Theory:

What is excretion in plants?
Excretion is a catabolic process in which the toxic and waste products are eliminated from the body of an organism.
Unlike animals, plants lack a well developed, advanced and specialized excretory system. They are devoid of excretory organs. Thus, excretion in plants is not so complex.
The excretory products of plants:
Plants, like animals, indulge in metabolic activities like cellular respiration, photosynthesis, and other metabolic responses that result in excretory products.
 
The two gaseous waste products of plants are carbon dioxide produced during cellular respiration and oxygen produced during photosynthesis.
 
These wastes are excreted through the pores of the stomata on the leaves. Photosynthesis uses the oxygen released during photosynthesis for respiration, while photosynthesis uses the carbon dioxide released during respiration.
Transpiration:
The excess water in the plants is also excreted from the plant body through the stomatal pores and from the surfaces of fruits and stems. The process of elimination of water is called transpiration.
The loss of water in the form of water vapour from the aerial parts of the plant body is known as transpiration
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Transpiration
 
The leaves of green plants have tiny, microscopic pores known as stomata. The water content in the plants evaporates through these stomata.
 
Structure of stomata:
  
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Opening and closing of stomata

Each stomatal pore is surrounded by two kidney-shaped cells known as guard cells that help in regulating the rate of transpiration by opening and closing of stomata.
Types of transpiration:
Transpiration is of three types based on the site where they occur. They are as follows:
  1. Stomata transpiration
  2. Lenticular transpiration
  3. Cuticular transpiration

1. Stomatal transpiration:

The loss of water from the plants through stomata is known as stomatal transpiration. \(90-95%\) of the water that is transpired from the leaves occurs through the stomata.

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Stomatal transpiration
 
2. Lenticular transpiration:
What are lenticels?
The tiny openings that protrude from the barks in woody stems and twigs and other plant organs are known as lenticels.
When compared to the stomata, lenticels are less in number.
 
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Lenticular transpiration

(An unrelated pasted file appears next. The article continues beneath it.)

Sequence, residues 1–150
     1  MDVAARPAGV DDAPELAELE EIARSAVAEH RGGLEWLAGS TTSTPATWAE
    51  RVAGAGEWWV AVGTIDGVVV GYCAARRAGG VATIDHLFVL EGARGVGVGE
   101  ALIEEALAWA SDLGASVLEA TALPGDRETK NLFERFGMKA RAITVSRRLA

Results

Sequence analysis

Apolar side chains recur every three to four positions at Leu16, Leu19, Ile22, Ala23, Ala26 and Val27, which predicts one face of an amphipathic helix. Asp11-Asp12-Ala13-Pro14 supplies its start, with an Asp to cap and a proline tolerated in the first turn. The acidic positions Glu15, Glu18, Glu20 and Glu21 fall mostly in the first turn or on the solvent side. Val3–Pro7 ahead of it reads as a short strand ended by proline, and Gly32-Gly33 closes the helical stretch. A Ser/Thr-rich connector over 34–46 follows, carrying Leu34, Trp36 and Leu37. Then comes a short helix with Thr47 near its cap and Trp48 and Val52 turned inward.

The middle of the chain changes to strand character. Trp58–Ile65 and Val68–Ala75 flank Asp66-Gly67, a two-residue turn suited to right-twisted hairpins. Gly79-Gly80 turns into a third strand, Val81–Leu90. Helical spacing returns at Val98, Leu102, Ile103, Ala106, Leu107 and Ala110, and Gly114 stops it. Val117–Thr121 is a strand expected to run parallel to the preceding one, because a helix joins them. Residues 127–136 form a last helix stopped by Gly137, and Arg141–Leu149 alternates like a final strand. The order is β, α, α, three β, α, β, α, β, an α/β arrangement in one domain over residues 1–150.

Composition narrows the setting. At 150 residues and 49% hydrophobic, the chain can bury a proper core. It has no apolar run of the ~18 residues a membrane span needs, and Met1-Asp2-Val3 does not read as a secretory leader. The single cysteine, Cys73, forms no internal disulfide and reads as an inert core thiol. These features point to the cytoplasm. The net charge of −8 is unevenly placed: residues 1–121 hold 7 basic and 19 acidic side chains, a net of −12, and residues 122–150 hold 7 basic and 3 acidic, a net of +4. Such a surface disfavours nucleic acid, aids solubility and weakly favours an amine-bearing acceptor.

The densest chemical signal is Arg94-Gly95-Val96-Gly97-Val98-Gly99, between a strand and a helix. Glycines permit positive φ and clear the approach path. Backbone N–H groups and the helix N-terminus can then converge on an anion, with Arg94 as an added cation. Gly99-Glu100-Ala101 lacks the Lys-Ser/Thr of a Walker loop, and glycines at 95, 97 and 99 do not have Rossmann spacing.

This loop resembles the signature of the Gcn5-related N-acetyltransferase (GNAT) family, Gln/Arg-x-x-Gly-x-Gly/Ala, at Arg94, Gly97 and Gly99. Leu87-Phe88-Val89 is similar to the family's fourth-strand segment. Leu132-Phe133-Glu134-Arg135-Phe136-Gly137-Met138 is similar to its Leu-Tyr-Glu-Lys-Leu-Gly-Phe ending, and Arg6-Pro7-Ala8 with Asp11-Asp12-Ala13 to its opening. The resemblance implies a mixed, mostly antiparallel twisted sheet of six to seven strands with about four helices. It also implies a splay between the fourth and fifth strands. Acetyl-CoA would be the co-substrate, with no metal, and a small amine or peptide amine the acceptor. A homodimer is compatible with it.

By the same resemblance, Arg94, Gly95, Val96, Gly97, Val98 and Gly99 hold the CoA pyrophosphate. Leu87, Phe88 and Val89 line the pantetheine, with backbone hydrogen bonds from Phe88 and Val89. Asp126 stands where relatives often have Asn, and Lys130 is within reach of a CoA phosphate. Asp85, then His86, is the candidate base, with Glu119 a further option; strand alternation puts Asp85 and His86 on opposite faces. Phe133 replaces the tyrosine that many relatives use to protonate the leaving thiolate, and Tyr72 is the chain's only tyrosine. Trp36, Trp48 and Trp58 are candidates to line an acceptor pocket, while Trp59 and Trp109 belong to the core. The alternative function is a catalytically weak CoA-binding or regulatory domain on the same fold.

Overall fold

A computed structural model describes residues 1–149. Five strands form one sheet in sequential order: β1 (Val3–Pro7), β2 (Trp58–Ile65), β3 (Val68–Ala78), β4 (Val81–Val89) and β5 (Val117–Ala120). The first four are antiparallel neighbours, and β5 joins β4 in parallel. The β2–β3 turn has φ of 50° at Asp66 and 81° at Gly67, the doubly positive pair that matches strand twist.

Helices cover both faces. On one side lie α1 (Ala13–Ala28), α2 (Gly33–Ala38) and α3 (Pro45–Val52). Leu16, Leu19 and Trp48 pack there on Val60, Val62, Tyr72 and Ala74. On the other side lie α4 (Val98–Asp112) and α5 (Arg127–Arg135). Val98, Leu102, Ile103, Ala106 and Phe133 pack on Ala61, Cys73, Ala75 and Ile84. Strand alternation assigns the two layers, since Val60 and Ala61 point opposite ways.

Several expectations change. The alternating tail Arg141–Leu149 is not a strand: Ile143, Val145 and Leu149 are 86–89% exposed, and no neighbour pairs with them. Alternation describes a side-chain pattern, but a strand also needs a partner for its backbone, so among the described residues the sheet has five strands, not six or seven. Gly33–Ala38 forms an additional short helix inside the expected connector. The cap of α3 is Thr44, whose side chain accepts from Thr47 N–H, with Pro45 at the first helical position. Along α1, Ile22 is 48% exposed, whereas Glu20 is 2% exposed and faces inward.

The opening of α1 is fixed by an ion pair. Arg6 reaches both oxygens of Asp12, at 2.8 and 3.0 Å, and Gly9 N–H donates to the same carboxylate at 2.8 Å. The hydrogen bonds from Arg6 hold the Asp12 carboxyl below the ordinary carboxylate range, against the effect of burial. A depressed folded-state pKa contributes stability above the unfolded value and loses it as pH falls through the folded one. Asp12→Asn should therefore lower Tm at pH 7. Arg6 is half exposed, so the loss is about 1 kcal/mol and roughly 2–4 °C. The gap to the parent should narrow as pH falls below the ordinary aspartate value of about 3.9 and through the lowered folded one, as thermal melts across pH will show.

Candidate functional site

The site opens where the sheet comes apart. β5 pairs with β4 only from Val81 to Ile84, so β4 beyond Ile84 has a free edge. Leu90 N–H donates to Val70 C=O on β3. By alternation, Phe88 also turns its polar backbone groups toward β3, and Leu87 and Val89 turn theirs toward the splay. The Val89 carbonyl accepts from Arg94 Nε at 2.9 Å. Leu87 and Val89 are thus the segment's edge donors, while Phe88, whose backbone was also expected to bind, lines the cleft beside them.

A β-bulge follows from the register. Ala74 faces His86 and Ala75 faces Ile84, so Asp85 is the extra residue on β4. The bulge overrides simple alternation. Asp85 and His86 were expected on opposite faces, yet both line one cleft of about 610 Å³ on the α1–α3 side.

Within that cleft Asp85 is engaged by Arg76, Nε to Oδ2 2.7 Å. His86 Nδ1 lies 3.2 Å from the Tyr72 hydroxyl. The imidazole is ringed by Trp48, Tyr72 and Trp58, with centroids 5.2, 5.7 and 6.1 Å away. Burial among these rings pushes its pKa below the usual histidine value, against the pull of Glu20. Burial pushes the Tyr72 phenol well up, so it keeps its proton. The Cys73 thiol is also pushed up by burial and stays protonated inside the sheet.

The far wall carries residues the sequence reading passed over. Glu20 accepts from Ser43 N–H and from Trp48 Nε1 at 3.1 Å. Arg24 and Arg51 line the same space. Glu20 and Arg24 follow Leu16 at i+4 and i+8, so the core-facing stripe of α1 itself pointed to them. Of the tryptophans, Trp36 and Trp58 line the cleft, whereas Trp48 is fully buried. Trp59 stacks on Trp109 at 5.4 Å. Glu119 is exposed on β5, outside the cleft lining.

The loss of water from the plants through the lenticels is known as lenticular transpiration.
  
3. Cuticular transpiration:
 
It is a transpiration that takes place from the surface of the leaves. The leaves are covered by a waxy layer known as the cuticle, which helps in reducing the amount of transpiration taking place.
The loss of water from this cuticle is known as cuticular transpiration.
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Cuticular transpiration
Need for transpiration:
  • It is a process that creates a water pull (movement of water from the roots to stem and leaves)in the leaf and stem.
  • It creates an absorption force in the roots.
  • It is required for the continuous supply of minerals.
  • As it is involved in the loss of water, it is also involved in the regulation of the temperature of the plant.
A video explaining the process and types of transpiration with an experiment:
Other waste products of plants:
Apart from gaseous wastes, plant metabolism produces organic by-products such as gums, oils, latex, resins held in old xylem, barks (ancient phloem cells), stems, leaves, and other materials that plants shed due to the presence of dead cells.
 
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Resin on the bark of a tree
  
Plants also excrete some waste substances into the soil around them.
Reference:
https://commons.wikimedia.org/wiki/File:Figure_30_02_05abc.jpg
https://www.flickr.com/photos/visionshare/4500284946
https://commons.wikimedia.org/wiki/File:Opening_and_Closing_of_Stoma.svg
https://commons.wikimedia.org/wiki/File:Kale2.jpg
https://www.freepik.com/free-vector/diagram-showing-transpiration-plants_5916230.htm
https://www.freepik.com/free-vector/diagram-showing-transpirationplant_6078279.htm#page=1&query=transpiration%20in%20plants&position=1
https://commons.wikimedia.org/wiki/File:Cherry_tree_resin.jpg